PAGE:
By enriching the data with additional information, the PageRank algorithm helped us focus on nodes of interest. The alert system in Linkurious Enterprise helps us classify the results and provides a user-friendly interface for investigation. In the next section, we see how to detect community of interest with a single click using the Louvain algorithm and the query template system.

Identifying interesting communities via the Louvain modularity


In the example below, we implement the Louvain algorithm to identify communities within our network. We look specifically at communities of company officers based on their relationships. The snippet of code below identifies communities and adds a new property “communityLouvain” property to each node, representing the community it belongs to.


// Computation of Louvain modularity


CALL algo.louvain(
 ‘MATCH (p:Officer) RETURN id(p) as id’,
 ‘MATCH (p1:Officer)-[:OFFICER_OF]->(:Entity)<-[:OFFICER_OF]-(p2:Officer)
  RETURN id(p1) as source, id(p2) as target’,


Then, we leverage the data generated by the algorithm in a query template to retrieve in a click for a given “Officer” node, the other officers belonging to the same community. Instead of manually exploring each of the nodes’ neighbors to identify a potential community, the query template instantly provides an answer the analysts can then refine. Below is the code used in the query template.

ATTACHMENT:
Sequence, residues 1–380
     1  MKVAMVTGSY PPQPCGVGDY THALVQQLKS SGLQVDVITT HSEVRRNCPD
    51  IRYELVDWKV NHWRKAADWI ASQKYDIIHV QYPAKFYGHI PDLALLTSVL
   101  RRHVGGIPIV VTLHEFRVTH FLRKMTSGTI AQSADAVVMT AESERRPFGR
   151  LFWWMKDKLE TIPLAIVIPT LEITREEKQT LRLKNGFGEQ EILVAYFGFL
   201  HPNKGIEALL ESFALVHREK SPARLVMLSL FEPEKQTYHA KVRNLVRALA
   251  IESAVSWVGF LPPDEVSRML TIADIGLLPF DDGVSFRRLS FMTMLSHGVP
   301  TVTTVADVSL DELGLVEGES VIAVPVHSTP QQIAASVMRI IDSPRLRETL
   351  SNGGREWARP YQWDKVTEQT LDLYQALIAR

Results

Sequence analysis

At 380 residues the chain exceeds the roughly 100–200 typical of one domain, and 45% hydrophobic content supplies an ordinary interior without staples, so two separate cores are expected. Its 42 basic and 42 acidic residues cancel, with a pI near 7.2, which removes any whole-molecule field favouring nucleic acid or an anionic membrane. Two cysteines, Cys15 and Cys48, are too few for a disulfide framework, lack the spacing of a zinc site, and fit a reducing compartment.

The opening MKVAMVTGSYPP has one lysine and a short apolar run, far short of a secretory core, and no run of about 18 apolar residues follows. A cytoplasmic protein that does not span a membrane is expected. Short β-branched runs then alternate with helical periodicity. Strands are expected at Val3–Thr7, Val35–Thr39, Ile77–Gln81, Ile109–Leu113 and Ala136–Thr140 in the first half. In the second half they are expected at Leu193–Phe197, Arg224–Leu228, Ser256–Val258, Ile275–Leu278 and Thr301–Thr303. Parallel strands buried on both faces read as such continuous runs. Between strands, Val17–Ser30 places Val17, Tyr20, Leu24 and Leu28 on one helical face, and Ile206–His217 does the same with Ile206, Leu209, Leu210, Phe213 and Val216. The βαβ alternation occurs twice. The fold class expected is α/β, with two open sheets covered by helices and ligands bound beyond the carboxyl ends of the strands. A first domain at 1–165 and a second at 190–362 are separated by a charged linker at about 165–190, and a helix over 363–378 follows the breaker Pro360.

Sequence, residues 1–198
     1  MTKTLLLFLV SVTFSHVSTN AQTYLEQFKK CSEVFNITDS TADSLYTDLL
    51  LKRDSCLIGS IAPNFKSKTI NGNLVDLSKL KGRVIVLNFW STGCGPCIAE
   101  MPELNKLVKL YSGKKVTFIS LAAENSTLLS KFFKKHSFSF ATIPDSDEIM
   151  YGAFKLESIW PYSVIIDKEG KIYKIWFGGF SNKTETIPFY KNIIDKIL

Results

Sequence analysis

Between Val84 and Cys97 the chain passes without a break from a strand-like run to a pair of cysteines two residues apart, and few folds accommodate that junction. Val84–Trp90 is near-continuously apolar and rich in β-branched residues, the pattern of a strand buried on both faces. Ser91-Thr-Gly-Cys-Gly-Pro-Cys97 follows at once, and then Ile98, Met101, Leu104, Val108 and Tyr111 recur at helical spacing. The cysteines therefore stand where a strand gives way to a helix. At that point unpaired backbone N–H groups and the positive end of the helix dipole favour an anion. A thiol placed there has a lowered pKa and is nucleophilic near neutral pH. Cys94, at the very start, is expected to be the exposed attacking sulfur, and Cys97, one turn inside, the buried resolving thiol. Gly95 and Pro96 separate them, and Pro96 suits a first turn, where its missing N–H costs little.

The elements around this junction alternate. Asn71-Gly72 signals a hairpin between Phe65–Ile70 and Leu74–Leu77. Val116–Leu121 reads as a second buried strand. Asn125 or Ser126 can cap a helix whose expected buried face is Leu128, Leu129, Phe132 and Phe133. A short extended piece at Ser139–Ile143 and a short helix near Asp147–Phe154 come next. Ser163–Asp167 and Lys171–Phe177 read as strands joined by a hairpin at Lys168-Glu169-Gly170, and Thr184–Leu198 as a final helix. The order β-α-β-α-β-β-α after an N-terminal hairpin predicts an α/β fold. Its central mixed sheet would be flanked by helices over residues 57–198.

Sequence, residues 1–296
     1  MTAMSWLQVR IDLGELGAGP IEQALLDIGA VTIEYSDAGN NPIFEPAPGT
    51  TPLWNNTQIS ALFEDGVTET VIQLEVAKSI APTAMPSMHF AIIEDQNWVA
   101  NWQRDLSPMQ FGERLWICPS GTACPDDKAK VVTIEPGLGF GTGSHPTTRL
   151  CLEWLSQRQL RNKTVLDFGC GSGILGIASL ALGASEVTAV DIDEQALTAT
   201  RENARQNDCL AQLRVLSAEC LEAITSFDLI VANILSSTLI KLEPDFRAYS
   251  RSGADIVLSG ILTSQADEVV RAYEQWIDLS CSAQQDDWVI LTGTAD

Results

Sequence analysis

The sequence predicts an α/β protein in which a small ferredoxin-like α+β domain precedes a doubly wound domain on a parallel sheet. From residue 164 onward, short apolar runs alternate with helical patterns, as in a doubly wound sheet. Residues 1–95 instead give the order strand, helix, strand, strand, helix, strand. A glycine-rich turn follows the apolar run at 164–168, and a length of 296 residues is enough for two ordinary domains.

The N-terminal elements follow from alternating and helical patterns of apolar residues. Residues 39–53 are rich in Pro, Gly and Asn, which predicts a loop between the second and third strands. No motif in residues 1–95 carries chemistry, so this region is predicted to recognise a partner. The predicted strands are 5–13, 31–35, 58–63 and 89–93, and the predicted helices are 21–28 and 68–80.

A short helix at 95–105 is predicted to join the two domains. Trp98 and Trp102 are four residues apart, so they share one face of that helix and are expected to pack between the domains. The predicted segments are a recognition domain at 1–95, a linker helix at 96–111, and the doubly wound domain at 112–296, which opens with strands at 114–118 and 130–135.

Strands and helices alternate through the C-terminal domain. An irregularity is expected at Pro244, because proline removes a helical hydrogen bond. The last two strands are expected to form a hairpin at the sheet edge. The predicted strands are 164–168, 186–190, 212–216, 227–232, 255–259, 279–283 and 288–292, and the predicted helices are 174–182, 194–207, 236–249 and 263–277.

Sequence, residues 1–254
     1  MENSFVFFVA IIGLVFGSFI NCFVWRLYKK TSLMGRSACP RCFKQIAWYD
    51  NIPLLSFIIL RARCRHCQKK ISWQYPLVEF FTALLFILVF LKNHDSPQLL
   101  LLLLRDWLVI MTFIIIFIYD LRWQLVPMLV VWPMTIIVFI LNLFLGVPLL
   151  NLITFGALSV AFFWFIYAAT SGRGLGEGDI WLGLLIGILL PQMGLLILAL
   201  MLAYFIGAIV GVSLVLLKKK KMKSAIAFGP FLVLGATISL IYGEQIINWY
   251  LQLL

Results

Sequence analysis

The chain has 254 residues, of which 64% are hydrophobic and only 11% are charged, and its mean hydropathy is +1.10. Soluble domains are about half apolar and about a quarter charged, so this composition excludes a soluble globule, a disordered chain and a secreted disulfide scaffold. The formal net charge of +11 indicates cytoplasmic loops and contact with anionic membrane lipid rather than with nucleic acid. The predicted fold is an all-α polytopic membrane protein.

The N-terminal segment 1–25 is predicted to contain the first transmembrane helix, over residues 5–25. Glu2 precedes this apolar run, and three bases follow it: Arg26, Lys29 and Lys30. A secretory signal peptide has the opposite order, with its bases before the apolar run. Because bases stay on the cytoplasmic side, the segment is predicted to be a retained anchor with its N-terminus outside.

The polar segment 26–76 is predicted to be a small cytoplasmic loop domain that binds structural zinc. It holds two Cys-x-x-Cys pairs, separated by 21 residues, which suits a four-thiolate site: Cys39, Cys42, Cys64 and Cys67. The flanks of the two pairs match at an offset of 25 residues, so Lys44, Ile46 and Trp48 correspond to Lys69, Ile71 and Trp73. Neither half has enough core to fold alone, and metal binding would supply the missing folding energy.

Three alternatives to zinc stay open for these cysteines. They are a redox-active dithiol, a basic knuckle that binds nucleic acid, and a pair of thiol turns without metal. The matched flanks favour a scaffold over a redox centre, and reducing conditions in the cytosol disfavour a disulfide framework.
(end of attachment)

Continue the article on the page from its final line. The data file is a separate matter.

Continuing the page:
//Retrieve the officer nodes who belong to the same community


MATCH (a:Officer)
MATCH p = (a:Officer)-[*..4]-(b:Officer)
WHERE a.communityLouvain = b.communityLouvain


We can now retrieve, in a click, officers of the same community from any given officer in the visualization interface. In the example below, we apply this to Boris Rotemberg, a Russian oligarch, opening an investigation on his close connections. Once the results of the query are displayed, styles and filters are essential to refine the results, reduce the noise and highlight the key elements.



Graph analytics and graph visualization are complementary. The existing graph analytics tools and methods make it possible to extract information from large amounts of connected data, generating valuable insights.


With platforms like Linkurious Enterprise, every user can take advantage of graph analytics from their browser via an intuitive interface. From detecting financial crimes, such as money laundering or tax evasion, to spotting fraud, or fighting organized crime, analysts find the insights they need.

DSC Resources

Follow us: Twitter | Facebook

Read more…

Creating a Great Information Dashboard